Familiarity breeds contempt.
– Geoffrey Chaucer
What does ‘Familiarity breeds contempt’ mean?
The more we become familiar with someone, or with someplace, or with a situation, the more likely we are to take them lightly or show less respect. Knowing too much about someone or something leads us to discover their deepest shortcomings, and ultimately that causes contempt.
Doing risky things too often makes us familiar with them, and when we are familiar with them, we become comfortable with them. However, does it not still present a certain amount of risk regardless of whether we feel comfortable with it or not?
For example, fear is likely to accompany us when we drive a car at a higher speed. But if we do it too often and get used to driving at a faster speed, we lose respect for fear, and it may no longer be frightening. While crashing still carries the same level of risk as before, there is no longer any fear associated with it.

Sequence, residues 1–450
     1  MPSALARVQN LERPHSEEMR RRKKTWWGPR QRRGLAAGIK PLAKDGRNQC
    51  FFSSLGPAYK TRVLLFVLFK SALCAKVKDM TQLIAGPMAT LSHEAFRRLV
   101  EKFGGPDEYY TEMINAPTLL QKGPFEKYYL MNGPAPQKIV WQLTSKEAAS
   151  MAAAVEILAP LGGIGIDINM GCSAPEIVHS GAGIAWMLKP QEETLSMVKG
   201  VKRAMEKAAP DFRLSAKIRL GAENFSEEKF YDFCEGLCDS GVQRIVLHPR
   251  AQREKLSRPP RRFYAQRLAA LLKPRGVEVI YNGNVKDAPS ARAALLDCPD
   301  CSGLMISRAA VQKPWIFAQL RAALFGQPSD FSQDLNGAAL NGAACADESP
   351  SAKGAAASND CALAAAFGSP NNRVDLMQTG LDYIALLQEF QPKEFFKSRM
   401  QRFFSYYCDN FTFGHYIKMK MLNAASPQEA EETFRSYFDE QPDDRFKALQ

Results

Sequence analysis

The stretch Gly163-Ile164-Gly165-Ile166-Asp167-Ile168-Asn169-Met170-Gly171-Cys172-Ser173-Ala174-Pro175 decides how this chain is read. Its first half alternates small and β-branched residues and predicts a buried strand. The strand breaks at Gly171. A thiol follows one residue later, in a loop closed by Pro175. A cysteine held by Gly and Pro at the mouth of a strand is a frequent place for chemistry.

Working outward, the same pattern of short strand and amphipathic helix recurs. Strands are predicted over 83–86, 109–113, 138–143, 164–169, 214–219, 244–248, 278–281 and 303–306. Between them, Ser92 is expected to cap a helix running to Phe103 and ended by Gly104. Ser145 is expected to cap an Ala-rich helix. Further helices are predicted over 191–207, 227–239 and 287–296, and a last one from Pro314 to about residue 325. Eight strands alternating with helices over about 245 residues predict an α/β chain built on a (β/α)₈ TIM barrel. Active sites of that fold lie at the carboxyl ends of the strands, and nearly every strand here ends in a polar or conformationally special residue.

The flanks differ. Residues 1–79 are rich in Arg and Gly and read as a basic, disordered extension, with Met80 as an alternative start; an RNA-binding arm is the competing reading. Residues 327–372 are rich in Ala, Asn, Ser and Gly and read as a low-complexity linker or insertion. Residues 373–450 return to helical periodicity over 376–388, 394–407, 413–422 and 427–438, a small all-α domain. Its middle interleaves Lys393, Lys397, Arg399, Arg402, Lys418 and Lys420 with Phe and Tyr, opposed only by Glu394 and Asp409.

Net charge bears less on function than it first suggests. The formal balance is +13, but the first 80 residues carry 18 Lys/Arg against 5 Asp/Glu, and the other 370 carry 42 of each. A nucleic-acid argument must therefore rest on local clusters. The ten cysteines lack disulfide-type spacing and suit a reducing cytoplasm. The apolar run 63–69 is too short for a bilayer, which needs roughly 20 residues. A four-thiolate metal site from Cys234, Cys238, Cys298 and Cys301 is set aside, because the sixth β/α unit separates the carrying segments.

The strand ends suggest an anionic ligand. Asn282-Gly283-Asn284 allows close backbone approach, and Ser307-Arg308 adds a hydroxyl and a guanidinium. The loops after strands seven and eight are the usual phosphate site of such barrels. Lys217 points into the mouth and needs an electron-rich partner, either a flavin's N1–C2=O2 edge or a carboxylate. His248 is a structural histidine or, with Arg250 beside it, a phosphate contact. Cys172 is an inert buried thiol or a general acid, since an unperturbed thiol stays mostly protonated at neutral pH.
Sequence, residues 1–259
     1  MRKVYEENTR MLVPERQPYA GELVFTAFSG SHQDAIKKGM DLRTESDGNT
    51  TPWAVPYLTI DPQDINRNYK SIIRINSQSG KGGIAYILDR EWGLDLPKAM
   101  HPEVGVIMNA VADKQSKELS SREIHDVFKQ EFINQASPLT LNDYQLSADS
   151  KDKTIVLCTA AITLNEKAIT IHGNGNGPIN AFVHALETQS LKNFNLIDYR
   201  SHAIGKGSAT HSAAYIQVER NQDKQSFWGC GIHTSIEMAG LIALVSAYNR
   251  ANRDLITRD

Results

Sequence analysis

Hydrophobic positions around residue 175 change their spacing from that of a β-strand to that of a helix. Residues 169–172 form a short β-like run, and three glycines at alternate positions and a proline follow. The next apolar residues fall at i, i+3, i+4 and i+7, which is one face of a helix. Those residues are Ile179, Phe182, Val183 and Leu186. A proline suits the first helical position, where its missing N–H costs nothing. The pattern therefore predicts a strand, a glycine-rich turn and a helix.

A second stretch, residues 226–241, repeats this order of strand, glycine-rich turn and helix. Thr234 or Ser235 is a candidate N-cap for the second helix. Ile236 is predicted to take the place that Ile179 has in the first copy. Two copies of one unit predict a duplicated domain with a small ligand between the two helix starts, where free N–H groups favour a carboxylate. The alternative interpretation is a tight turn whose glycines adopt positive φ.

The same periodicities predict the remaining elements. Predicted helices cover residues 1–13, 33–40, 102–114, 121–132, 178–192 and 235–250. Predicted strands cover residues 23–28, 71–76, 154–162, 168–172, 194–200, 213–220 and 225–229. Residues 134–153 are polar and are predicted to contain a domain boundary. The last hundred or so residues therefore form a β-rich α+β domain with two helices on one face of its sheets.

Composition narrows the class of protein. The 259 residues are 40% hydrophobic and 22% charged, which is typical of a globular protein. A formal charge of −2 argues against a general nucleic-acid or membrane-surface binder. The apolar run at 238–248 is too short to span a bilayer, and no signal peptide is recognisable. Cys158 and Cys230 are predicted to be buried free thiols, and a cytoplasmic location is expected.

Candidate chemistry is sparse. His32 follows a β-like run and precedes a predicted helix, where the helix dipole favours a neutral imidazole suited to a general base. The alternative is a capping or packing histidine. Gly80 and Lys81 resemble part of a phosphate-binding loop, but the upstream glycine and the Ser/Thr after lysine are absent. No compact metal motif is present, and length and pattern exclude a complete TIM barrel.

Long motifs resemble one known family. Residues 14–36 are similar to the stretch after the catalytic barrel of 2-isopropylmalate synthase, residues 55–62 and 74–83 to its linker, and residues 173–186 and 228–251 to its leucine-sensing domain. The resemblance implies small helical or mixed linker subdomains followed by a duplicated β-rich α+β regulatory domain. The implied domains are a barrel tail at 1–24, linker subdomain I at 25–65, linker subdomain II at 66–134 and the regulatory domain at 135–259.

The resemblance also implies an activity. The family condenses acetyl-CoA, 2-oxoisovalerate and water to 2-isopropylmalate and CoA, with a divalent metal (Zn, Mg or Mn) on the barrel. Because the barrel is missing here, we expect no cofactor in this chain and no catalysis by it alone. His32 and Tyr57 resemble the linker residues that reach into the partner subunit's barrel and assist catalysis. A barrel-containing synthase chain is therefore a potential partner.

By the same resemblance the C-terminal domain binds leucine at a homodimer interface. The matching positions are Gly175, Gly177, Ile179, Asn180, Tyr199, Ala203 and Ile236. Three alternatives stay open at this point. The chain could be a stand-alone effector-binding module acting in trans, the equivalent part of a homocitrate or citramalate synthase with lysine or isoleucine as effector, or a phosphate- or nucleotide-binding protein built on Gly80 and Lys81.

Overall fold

Isn’t it true that the most picturesque place in the world doesn’t seem as lovely when you live there permanently and see it every day? If we have something in abundance, do we not lose sight of its significance?
Origin of this phrase
There have been thousands of years since this expression was first used. The expression is attributed to Publilius, a Roman author from ancient times. The same phrase was used by Pope Innocent III almost a thousand years later.
The first use of this expression in English was attributed to Geoffrey Chaucer. It appeared in Tale of Melibee, written in the 1300s.
What are some examples of this phrase?
- When two people are familiar with each other without hiding anything and both of them give their all, I do not think familiarity breeds contempt.
- Because familiarity breeds contempt, I am no longer close to my friend.
- It is no longer fun for me to visit places I am familiar with; familiarity breeds contempt.
- Knowing him so well makes me dislike him even more because familiarity breeds contempt.
- Let’s not get too comfortable with each other, let’s not get too close, because too much familiarity breeds contempt.